Three-dimensional facial photography can provide a simple and highly accurate method of predicting the presence of obstructive sleep apnoea, according to a study led by The University of Western Australia.
The research, published in the Journal of Clinical Sleep Medicine, builds on previous work identifying that the structure of the face, head and neck played a key role in diagnosing sleep apnoea.
Professor Peter Eastwood, director of the Centre for Sleep Science, and his research team ran overnight sleep studies while Dr Syed Zulqarnain Gilani, from UWA’s School of Computer Science and Software Engineering, analysed the 3D faces.
“What we found was that we could predict the presence of obstructive sleep apnoea with 91 per cent accuracy when craniofacial measurements from 3D photography were combined into a single predictive algorithm,” Dr Gilani said.
Sleep disorders are estimated to cost the Australian health system more than $5 billion annually. More than half the cost is associated with sleep apnoea which is associated with snoring and repeated periods of ‘choking’ during sleep.
Sleep apnoea causes daytime sleepiness and is strongly linked to sleepiness related accidents, diabetes, cardiovascular diseases, and depression. Despite sleep apnoea being treatable, the vast majority – up to75 per cent – of individuals remain undiagnosed.
This is largely because current methods of assessing sleep apnoea are expensive and access to them is limited.
The study recruited 400 middle-aged men and women who took part in sleep studies at UWA’s Centre for Sleep Science and Sir Charles Gairdner Hospital while their faces were analysed from 3D photographs. Participants were also recruited from Western Australia’s Raine Study.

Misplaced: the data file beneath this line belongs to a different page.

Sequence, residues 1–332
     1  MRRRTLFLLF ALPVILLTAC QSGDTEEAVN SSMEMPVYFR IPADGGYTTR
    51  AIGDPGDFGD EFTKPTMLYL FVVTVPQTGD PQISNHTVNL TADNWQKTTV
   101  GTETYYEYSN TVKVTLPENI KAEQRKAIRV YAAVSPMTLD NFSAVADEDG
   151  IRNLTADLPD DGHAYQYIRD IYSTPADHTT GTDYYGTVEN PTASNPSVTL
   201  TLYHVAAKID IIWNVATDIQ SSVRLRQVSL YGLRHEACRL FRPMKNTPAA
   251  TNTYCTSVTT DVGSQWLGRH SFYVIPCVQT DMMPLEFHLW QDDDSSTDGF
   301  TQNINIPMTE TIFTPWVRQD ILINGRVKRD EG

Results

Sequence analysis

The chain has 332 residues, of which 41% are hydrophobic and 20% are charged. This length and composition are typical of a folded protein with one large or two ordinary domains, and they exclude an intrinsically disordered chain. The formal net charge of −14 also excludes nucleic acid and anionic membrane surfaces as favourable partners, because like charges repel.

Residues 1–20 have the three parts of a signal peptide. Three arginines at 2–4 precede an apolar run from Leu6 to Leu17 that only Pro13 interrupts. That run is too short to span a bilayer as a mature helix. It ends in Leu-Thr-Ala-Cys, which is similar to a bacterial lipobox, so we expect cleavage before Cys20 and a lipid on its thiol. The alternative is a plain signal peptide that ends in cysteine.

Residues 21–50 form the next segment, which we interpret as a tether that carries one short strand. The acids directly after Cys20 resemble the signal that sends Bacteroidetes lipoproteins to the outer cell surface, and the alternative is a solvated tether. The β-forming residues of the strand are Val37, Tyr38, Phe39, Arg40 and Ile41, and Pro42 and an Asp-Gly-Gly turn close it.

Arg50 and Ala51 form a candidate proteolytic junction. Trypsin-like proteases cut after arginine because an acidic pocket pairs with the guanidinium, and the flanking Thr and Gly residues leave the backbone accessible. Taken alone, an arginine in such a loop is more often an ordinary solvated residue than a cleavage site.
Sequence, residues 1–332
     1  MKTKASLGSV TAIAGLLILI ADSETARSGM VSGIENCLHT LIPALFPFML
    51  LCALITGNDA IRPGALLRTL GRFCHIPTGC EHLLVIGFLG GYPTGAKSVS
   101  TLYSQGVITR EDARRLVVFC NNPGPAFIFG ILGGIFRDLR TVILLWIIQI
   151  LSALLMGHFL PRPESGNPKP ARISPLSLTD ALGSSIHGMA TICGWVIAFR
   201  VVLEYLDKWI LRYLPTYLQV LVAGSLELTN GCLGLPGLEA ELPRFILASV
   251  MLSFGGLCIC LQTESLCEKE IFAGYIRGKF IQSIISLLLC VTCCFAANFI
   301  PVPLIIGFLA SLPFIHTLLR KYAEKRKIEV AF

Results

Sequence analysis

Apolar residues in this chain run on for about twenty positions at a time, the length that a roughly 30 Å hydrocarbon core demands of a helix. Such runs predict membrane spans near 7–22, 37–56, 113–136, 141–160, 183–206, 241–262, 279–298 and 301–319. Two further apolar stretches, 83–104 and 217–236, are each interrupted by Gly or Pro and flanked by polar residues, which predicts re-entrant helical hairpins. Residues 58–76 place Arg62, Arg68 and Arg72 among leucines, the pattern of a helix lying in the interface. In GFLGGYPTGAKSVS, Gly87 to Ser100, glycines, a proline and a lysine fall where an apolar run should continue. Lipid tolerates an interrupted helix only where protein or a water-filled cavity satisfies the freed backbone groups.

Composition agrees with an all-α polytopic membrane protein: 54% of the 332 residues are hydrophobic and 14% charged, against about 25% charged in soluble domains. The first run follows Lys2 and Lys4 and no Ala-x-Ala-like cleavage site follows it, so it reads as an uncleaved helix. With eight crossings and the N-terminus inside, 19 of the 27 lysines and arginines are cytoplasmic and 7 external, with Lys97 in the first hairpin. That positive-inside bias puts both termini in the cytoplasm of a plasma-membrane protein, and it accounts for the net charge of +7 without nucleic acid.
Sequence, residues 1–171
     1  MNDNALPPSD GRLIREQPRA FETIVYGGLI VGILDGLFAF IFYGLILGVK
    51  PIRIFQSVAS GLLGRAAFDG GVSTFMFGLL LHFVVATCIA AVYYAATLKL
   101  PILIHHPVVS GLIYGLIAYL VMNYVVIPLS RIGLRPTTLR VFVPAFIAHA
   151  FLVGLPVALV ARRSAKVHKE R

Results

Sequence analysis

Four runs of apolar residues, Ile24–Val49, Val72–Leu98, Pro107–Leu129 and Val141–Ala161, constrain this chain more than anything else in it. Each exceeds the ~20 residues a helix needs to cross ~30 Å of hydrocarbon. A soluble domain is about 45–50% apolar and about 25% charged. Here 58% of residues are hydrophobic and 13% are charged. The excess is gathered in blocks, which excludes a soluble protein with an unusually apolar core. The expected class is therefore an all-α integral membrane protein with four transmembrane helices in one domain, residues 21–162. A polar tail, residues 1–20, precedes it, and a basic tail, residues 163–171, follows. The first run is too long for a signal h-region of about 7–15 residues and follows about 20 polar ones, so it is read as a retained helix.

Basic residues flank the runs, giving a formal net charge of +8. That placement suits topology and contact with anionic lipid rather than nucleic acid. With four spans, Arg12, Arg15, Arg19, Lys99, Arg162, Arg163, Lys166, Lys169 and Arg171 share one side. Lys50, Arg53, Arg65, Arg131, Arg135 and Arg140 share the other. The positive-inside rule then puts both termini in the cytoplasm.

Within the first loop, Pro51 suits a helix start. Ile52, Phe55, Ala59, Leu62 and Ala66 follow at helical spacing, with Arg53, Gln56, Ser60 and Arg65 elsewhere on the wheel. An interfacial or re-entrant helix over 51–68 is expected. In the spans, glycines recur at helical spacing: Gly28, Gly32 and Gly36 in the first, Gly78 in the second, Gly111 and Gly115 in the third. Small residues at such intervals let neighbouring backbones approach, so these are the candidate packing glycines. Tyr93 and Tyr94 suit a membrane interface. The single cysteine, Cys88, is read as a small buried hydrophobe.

The study suggested that it might also be possible to predict the severity of a person’s sleep apnoea from these photographs.
“This breakthrough has the potential to reduce the burden on hospitals and sleep clinics that currently run sleep studies for everyone,” Dr Gilani said. “It can flag people at risk of sleep apnoea who can then be referred for diagnosis and treatment.”
What is the Raine Study?
The Raine Study is one of the largest prospective cohorts of pregnancy, childhood, adolescence and now early adulthood to be carried out anywhere in the world. The Raine Study’s purpose is to improve human health and well-being, through the study of a cohort of Western Australians from before birth onwards. 2900 pregnant women entered the study between 1989 and 1991 and 2868 live births were recruited into the cohort. These children born into the study, their parents, their grandparents and now their own children are part of one of the world’s most successful multi-generational pregnancy cohort studies.
The Raine Study is a joint venture between The University of Western Australia, Curtin University of Technology, Telethon Kids Institute, Women and Infants Research Foundation, Edith Cowan University, Murdoch University and The University of Notre Dame Australia and receives additional funding support from the Raine Medical Research Foundation and National Health and Medical Research Council.
Dr Syed Zulqarnain Gilani (UWA School of Computer Science and Software Engineering) 08 6488 1200
Simone Hewett (UWA Media & PR Adviser) 08 6488 7975